I'm a Kenyan citizen transiting through the UK on the way to Jamaica. I have an Italian ID card (the kind that is issued to foreign nationals who work with specialized agencies, and exempts the holder from having a residence permit). Can I use this document to transit through the UK?

Please note: I do not have a permanent residence card.

Also note that I am seeking to transit through the UK, and not visit (though I will need to pass through Immigration control, as my flight leaves the UK on the following calendar day).

  • From a U.K. perspective it is citizenship, not residency, that counts, unless you have a residence card that explicitly says it is issued to a "family member of a union/EEA citizen".
    – Traveller
    Jan 27, 2019 at 21:02
  • @Traveller I am not sure it would be any better if he got an EU Family visa from another country other than the UK. However, he may be able to transit without a visa if the flights meet certain conditions. He should check the answer you pointed out.
    – gstorto
    Jan 27, 2019 at 21:13
  • Just to make sure, your Itailan permit is not a common-format residence permit (with a bull design on the left above the photo)? Jan 27, 2019 at 21:22
  • @Traveller: Residency does count for some purposes -- as relevant in this case, a common format residence permit from an EEA state will qualify the holder for the (landside) Transit Without Visa scheme. See Visitor Rules, paragraph V 7.8(h). Jan 27, 2019 at 21:31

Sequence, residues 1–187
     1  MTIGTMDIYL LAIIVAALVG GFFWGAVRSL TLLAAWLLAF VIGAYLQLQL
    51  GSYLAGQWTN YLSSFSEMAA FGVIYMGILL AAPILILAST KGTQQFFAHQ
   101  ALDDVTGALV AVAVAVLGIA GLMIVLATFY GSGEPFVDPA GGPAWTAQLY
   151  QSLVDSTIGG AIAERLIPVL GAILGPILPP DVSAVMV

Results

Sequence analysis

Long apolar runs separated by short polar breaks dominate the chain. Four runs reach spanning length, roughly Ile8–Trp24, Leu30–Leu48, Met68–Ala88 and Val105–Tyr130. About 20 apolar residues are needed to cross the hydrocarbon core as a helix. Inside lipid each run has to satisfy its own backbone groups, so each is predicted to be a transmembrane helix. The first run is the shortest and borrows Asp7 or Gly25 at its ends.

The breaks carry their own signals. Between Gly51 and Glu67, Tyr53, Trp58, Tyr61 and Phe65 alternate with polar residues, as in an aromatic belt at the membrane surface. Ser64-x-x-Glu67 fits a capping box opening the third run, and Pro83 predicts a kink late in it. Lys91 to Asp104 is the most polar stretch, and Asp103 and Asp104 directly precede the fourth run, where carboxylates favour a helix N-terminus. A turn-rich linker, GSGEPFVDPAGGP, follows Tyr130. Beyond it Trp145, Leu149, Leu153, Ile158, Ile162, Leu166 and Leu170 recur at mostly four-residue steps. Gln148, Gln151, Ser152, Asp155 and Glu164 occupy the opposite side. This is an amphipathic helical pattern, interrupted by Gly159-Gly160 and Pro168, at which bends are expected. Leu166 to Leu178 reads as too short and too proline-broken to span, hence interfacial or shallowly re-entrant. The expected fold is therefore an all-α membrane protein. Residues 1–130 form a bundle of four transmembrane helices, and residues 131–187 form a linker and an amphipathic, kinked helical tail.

• @Henning, thanks for your reply. No it is not a common-format residence permit. It is an Italian ID card issued to employees of international organisations. At the back of the card it states, "This ID exempts the bearer from the permit of stay and together with a valid travel document, it entitles the bearer to enter the territory of any Schengen state." So what I'm seeking clarification on is: (cont.) Jan 27, 2019 at 21:39

1 Answer 1


Kenyan citizens generally need a Direct Airside Transit Visa to transfer in the UK even without leaving the transit zone of the airport.

In some cases one may be exempted from the DATV requirement, or be allowed to transit landside without a visa, but but none of those cases apply to you.

Some of the exceptions are for people who travel to or from the major Anglosphere countries with valid visas -- but Schengen countries (or, for that matter, Jamaica) are not on that list.

Then there's an exemptions for holders of a valid common-format residence permit from an EEA country of Switzerland. Since your permit is not common format (and the regulations to take pains to say "common format" whenever they mention this expcetion), that won't help you either.

So you need to apply for an appropriate visa.

(The Schengen countries themselves accept a wider range of each other's residence permits that are not in the common format, but that has no effect in the UK).

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